TRACKING INFLATION: FRAME PRICES AND THE CPI
Most sectors of the economy have been impacted by rapidly rising costs following the COVID-19 pandemic, and concomitant supply chain and labor issues. Eyewear providers are not immune from these inflationary factors. For example, faced with a rise in frame costs, we must make tough choices on how to maintain profit margins without alienating our patient consumers. Simply raising prices across the board might harm patient perceptions, relationships and possibly weaken sales. Yet ignoring increased costs will hurt margins.
To investigate how the recent inflationary environment has impacted consumer frame pricing we analyzed GPN aggregated data from more than 2,200 ECPs geographically spread across the US. We focused on average list price for frame sales before returns, discounts or allowances. We compared this transaction level data to US Bureau of Labor statistics on inflation over the past three years (2020-2022).
For the same period, we tracked monthly change for three measures as reported by the U.S. Bureau of Labor Statistics, all of U.S. city averages, for all urban consumers, not seasonally adjusted:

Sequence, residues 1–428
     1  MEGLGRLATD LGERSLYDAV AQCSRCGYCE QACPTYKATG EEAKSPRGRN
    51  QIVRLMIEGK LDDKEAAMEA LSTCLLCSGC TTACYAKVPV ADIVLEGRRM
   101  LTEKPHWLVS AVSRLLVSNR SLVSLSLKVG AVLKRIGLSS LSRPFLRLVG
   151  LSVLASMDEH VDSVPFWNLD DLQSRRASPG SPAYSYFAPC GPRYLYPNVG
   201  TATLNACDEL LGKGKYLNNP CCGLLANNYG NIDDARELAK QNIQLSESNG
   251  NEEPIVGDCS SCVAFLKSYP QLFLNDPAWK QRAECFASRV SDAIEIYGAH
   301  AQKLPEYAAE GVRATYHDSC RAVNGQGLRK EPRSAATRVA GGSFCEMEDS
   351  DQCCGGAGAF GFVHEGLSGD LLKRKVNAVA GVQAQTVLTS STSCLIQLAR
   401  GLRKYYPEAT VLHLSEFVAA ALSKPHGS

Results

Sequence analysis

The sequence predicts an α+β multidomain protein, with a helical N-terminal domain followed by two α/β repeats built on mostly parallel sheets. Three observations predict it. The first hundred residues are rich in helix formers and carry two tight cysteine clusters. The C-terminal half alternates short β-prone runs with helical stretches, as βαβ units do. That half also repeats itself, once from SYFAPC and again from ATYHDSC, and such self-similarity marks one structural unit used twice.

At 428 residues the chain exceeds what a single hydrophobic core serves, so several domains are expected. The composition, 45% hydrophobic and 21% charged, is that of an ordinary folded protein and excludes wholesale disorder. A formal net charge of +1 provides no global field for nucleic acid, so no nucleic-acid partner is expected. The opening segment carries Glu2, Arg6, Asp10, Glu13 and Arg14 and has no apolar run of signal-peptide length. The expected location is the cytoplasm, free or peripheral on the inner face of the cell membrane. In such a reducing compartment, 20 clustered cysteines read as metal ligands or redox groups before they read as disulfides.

- Consumer Price Index (CPI) – measures the average change over time in the prices paid by urban consumers for a market basket of consumer goods and services. This index is also known as top-line inflation or headline inflation.
- As energy prices and food prices can be volatile, excluding these items gives a more basic measurement of core inflation with less economic noise.
- CPI for Eyeglasses and Eyecare – this measure of change over time is derived from diary entries by a small sample of consumers reporting to the US government Consumer Expenditures survey, which includes a question inquiring about recent expenses limited to services and goods provided by opticians, optometrists, and ophthalmologists.
The unadjusted CPI rose 6.3% percent through 12 months ending December 2022, and 6.7% through the prior 12-month period. The CPI for all items less food and energy through 12 months ending December 2022 was 5.4%, up from 5.1% for 12 months ending December 2021. Including energy and food, the 12-month average increase in CPI peaked in June 2022 at 8.7%, and in September 2022 at 6.2% when energy and food are excluded.
The CPI for eyeglasses and eyecare as reported by the Bureau of Labor Statistics rose 1.7% for 12 months ending December 2022, down from 1.9% for 12 months ending December 2021.
GPN transactional data shows an average list price for eyeglass frames of $227.33 in December 2022, up from $218.13 in December 2021. Over the two years, the one-month average list price for frames rose to a high of $227 in December 2022, up from a 2-year low of $205 in January 2021. The rolling 12-month average frame price peaked at $215 by the end of the 2-year period, from a $201 beginning price.